Type II AIT is not a true form of hyperthyroidism due to increased thyroid hormone synthesis, but rather a destructive thyroiditis caused by amiodarone and/or iodine; accordingly, thionamides and potassium perchlorate are not effective.5 Conversely, steroids represent an effective treatment for type II AIT in view of their membrane-stabilizing and anti-inflammatory effects.46 An additional beneficial action of steroids is the inhibition of peripheral T4 conversion to T3. Almost half of respondents to the European Thyroid Association survey indicated steroids as the first-line treatment for type II AIT.35 Steroids have been employed in AIT at different doses (1580 mg prednisone or 3-6 mg dexamethasone daily) and for different time periods (7-12 weeks);5 they provided favorable responses, either alone or in combination with antithyroid drugs, in most studies of patients with type II AIT,46,47 whereas in type I AIT, in agreement with its pathogenic mechanism, this treatment is poorly effective.47 Recurrence of thyrotoxicosis is not exceptional following steroid withdrawal:46 this makes reinstitution of steroid treatment necessary.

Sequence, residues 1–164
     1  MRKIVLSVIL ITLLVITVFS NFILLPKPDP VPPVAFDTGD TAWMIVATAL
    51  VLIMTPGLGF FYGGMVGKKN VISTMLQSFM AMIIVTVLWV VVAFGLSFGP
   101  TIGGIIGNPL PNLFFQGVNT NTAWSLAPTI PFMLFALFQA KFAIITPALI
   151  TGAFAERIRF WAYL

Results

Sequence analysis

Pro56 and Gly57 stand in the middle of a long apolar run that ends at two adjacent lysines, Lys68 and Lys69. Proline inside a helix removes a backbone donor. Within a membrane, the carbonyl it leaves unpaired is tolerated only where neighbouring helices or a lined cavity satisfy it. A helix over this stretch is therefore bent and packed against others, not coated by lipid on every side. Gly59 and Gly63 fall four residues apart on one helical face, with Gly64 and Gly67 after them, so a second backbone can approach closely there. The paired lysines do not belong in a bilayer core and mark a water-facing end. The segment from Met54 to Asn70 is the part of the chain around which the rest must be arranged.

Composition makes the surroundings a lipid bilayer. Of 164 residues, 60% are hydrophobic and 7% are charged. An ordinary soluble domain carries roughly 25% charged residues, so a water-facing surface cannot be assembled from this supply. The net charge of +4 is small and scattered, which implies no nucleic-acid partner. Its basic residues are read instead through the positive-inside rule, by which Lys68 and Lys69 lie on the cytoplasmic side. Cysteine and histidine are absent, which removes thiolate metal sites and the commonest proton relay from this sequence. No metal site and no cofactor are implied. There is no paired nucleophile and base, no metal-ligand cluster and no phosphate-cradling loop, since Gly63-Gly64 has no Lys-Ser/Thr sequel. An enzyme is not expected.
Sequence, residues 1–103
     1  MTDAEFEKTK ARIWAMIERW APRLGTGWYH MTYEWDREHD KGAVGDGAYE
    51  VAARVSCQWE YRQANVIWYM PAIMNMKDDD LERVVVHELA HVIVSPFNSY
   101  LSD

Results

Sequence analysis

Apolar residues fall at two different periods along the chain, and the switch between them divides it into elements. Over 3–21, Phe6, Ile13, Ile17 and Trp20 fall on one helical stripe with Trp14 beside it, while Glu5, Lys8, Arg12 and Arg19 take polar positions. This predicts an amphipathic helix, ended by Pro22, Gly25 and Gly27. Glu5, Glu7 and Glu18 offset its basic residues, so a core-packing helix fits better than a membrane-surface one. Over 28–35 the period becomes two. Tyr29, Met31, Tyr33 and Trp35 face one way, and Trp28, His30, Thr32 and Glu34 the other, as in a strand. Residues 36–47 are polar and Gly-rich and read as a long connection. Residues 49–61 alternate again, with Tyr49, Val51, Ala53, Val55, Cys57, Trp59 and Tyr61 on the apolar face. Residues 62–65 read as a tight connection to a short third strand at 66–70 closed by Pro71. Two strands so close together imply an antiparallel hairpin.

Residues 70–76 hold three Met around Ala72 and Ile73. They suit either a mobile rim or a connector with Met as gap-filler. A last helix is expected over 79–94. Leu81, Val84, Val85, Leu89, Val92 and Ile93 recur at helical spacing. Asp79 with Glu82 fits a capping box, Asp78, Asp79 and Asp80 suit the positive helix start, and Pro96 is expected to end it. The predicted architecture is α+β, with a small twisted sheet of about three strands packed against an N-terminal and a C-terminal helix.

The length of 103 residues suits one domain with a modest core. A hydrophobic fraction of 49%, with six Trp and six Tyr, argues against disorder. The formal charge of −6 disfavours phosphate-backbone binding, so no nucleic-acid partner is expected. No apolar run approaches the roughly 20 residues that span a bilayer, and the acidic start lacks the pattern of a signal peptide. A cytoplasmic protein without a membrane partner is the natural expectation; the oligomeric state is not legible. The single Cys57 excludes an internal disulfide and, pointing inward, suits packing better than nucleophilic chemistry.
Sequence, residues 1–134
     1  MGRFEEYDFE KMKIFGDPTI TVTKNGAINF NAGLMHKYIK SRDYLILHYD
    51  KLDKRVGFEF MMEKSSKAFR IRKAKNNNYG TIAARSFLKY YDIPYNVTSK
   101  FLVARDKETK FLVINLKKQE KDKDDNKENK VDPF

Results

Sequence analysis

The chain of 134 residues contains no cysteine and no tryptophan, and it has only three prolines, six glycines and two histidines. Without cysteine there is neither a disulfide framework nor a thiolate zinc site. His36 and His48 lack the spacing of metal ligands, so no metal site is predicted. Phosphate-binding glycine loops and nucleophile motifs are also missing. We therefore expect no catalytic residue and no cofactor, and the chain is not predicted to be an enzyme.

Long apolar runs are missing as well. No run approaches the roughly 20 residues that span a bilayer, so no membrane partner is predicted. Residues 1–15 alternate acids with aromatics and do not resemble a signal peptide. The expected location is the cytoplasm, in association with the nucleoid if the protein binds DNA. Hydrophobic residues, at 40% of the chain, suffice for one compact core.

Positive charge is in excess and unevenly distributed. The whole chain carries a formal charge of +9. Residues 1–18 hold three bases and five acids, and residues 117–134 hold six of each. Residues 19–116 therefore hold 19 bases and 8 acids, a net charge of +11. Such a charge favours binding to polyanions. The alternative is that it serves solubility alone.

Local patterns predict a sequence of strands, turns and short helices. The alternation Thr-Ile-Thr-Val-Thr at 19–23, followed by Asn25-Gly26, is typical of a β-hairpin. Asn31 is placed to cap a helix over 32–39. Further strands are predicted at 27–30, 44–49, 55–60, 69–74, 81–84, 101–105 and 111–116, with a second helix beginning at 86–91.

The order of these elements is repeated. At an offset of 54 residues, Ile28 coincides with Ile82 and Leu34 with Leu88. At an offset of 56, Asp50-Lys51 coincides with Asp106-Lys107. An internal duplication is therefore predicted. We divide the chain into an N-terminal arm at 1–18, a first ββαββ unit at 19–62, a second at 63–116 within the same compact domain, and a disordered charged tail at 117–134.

Oral cholecystographic agents (OCAs) affect peripheral metabolism of the thyroid hormones, mainly by inhibiting peripheral monodeiodination of T4 to T3,48 and can be used in the treatment of the spontaneous hyperthyroidism.49 The use of OCAs was reported in a mixed form of AIT in association with thionamides, KCLO4 and glucocorticoids, and type II AIT in combination with thionamides.50 We recently reported the results of a randomized, controlled study, in which we compared the long-term effects of treatment of type II AIT with either steroids or iopanoic acid.51 Both treatments were associated with a rapid decrease in serum FT3 concentrations, but serum FT4 levels remained markedly elevated for months in patients receiving iopanoic acid therapy,51 suggesting that iopanoic acid exerts its effects almost exclusively on the peripheral T3 generation from T4 but does not affect the thyroidal destructive process as glucocorticoids do. Accordingly, steroids must be considered the first-choice treatment for type II AIT. Iopanoic acid is useful, as in type I AIT, as a short-term treatment, in the preparation to thyroid surgery.45